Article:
We all know there are a number of anchoring techniques. Anyone who has ever anchored in the wild has seen that other sailors have varied approaches to this sometimes delicate task. After six months of cruising, I am willing to present my totally unscientific findings on this subject. I hereby declare that there are seven distinct ways to anchor.
1. Let someone else do it for you The technical nomenclature for having someone else do the dirty work for you is known as either "rafting" or "mooring." When you raft up alongside other boats, you rely on someone else's anchor and the various components of their swivels, cotter pins, seizing wire, and the extent that their hook has, or has not, connected itself to the earth.
When you catch a mooring, you have to rely on whatever-the-heck is down there, which can run the spectrum from mushroom anchors to cement blocks or engine and all sorts of things in between that have been corroding beneath the water's surface for unknown timeframes . Personally, I don't know which technique is scarier. I would hate to ruin a good friendship over a raft-up gone bad, since any number of wave-induced wakes can send hulls bashing into each other and squish fenders into oblivion. On the other hand, the last time I dove on a mooring in St. Thomas, I discovered that it was a golf cart battery with a half-shredded piece of rope.
2. Plowing in reverse This is a rather basic technique broken into the four crude parts of driving forward, halting abruptly, dropping the anchor, revving the engine into reverse and "plowing" the anchor into the holding ground. I can't say I like this technique much. It scores high in the machismo factor, and in addition to being inconsistently effective, it's not very reliable. Without good holding ground, your anchor will just leave a long stripe in the mud and you'll waste the precious cocktail hour trying to set and reset it in an impossible situation.3. The litmus test Here's a fun piece of performance art to try when you're the last boat into the anchorage at the end of the day. You can take a lot of pride in disturbing a quiet anchorage and rousing people from the dinner table when you have this excited discussion over the dull roar of the engine.
"9,8,7,6, HONEY IT'S AT SIX!!!"
"THROW IT IN REVERSE!"
"HONEY, I'M IN REVERSE!"
"OK, PUT IT IN IDLE!"
"IDLE? I THOUGHT YOU WANTED IT IN REVERSE!"
As you can see, this can be a good, reliable test of your neighbor's threshold for outside stimuli, providing important information about how loud you can turn up your music at night without attracting their attention.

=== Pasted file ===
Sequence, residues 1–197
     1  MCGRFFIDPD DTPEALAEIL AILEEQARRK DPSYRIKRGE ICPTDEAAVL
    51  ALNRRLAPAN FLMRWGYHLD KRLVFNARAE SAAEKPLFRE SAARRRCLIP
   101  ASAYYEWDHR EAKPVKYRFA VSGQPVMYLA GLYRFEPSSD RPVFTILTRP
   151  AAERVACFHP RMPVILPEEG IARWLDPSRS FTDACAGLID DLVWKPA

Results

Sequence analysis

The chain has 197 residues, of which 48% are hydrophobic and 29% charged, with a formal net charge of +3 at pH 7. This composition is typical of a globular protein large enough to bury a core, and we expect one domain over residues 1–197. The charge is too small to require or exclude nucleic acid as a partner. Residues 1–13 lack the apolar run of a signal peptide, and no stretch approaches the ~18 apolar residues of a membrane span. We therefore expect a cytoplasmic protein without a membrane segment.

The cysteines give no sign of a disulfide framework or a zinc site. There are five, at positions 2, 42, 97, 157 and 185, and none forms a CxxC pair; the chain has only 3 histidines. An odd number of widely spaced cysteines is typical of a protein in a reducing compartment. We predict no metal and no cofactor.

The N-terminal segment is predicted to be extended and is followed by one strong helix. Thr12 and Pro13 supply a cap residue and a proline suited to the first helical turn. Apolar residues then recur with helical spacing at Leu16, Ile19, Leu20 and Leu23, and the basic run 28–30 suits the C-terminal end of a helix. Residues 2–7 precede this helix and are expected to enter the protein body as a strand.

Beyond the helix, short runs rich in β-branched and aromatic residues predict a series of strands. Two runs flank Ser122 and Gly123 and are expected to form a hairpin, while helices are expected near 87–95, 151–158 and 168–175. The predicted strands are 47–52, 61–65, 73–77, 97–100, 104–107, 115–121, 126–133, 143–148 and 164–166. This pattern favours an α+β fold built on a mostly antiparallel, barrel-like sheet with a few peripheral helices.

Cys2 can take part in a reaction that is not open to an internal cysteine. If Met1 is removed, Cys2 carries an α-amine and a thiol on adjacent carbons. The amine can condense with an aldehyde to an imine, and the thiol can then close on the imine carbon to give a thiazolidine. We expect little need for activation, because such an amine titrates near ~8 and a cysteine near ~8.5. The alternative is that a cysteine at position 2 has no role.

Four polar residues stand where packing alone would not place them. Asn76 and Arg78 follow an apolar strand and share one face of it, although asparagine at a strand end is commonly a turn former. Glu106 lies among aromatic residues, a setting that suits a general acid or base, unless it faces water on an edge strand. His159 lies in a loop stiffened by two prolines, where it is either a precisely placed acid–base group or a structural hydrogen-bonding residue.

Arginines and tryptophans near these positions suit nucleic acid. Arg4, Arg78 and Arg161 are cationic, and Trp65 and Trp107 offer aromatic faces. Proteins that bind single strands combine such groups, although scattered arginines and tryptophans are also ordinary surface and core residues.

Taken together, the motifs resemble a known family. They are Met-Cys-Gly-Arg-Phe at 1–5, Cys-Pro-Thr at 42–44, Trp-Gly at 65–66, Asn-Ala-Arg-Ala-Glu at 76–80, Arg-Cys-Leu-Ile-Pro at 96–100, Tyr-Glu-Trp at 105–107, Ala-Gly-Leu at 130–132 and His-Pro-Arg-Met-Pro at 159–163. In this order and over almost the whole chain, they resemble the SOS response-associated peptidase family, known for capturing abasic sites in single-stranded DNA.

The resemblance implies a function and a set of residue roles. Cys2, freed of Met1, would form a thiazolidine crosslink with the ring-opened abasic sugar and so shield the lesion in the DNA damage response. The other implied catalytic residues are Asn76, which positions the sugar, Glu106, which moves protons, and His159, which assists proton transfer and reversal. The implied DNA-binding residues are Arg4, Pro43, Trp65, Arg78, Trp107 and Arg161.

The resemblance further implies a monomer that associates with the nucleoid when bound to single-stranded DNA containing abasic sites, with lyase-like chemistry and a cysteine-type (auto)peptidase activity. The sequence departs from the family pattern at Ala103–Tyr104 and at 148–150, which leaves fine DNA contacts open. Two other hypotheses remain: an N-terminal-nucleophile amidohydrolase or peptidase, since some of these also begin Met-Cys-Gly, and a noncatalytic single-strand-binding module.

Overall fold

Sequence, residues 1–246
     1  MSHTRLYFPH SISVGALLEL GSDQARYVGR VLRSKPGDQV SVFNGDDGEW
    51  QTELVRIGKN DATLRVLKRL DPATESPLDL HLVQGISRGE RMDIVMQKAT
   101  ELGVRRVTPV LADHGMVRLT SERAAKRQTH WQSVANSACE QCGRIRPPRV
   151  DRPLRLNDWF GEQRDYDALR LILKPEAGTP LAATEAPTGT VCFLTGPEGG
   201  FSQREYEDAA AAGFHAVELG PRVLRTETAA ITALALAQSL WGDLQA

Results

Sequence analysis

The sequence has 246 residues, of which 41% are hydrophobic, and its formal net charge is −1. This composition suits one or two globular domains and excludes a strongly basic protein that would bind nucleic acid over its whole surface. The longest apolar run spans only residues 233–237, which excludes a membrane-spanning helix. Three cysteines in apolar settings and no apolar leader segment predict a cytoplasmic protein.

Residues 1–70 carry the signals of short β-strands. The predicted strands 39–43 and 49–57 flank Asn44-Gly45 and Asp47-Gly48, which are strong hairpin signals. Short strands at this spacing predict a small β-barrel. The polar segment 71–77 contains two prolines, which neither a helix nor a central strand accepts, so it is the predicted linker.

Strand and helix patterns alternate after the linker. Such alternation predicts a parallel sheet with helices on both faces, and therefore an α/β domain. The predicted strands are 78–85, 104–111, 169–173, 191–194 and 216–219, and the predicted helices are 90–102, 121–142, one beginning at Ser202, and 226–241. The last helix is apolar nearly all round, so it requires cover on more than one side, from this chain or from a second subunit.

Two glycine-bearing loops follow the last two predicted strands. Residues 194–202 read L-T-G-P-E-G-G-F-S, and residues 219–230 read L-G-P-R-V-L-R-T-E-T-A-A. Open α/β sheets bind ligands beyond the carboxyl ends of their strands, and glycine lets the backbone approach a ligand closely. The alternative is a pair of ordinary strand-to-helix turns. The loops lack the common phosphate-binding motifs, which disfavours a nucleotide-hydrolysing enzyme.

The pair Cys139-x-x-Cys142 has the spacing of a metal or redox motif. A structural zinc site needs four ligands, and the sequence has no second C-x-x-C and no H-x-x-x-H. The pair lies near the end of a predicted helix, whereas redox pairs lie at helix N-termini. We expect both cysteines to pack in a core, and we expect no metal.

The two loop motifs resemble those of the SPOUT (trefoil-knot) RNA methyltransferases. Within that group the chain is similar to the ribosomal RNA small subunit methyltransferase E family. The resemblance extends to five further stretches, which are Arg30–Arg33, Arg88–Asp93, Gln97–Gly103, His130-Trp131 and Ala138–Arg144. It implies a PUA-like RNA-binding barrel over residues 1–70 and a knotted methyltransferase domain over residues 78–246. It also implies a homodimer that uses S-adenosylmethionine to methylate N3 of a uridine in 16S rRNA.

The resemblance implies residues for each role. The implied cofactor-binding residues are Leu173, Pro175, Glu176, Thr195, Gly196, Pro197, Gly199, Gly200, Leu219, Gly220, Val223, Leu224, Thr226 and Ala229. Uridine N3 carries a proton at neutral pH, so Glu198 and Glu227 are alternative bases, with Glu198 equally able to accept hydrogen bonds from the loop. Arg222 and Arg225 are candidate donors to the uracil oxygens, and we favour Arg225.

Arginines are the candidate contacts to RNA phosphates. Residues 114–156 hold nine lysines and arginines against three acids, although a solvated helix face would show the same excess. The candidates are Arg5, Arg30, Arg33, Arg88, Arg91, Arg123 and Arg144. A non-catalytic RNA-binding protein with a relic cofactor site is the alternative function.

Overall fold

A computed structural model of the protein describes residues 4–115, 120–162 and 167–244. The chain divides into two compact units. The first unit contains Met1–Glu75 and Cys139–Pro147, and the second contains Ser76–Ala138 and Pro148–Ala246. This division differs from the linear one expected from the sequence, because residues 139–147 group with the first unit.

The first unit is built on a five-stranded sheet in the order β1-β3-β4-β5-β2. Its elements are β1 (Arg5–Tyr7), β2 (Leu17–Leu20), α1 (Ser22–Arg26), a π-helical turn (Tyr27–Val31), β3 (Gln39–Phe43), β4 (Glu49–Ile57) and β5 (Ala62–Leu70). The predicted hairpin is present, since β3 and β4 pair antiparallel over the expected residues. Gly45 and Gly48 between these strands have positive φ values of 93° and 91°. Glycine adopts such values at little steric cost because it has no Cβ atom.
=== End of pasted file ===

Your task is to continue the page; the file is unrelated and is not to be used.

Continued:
4. Follow the leader Sailors who are novices in the athletics of anchoring frequently try this one. They motor into an anchorage that is a mile wide and protected from all directions and decide that they must, absolutely, without a doubt, park next to the only other boat in the anchorage. It's almost as if this other boat has a large sign painted across its hull proclaiming "ANCHOR HERE!" or if the switch activating the tractor beam has been thrown. Unfortunately, these novices are on a course to learn the many torments and horrors of dragging, fouled lines, and dealing with incompetent skippers as they risk falling into that category themselves. We can save you the trouble and the next time you have the temptation to anchor near a fellow boater, remember that just because someone else has anchored there doesn't mean it's a good place to anchor.
"Like Goldilocks, I'm a perfectionist. I can't anchor anyplace that is too deep or too shallow. It has to be just right."
5. Circle like a dog Have you ever seen a dog or cat make circles before settling down? This is the same principle. You can do one big circle around the entire anchorage or you can do a few smaller spins on your own. When I've been at the helm, I've found this technique useful for one of two reasons. First, I may be watching the depthsounder, trying to find a good depth for anchoring. (Like Goldilocks, I'm a perfectionist. I can't anchor anyplace that is too deep or too shallow. It has to be just right.) Second, I may be watching the depth sounder to see what my swing radius is when I anchor. Goodness knows, I'd hate to wake up and discover myself grounded before having my first cup of coffee. (After that first cup, however, I've come to expect a grounding or two during the day, but that's another story.)
6. The sneak attack This is another favorite of mine. My husband likes to look at a point on the chart, drive up to it, slow down at the last minute and drop the anchor once we've come to a complete stop. That's a fine method, but it lacks what I call the "thrill of the hunt." I like to slow down before we've left the main highway, just so I can draw out the fun of anchoring. I can easily drift cautiously through an anchorage for a full 10 or 20 minutes before spotting my prey. I try not to do this too often, however, since it does seem to wear on hubby's nerves.
7. Sailing to a stop You can't get much better than this. Try this technique and you'll have tradition on your side. Sail into a sheltered anchorage on a reach. Rest assured all eyes will be on you, even if you can't see anyone watching. (There's no point in running into an anchorage, is there?) Point your bow into the wind. Wait until the boat comes to a stop. Drop your anchor. Drift down onto your anchor to make sure it has set. Lower your sails. Back down. If there are others watching, take a moment to savor the applause. As mathematicians would say, this is truly an elegant solution.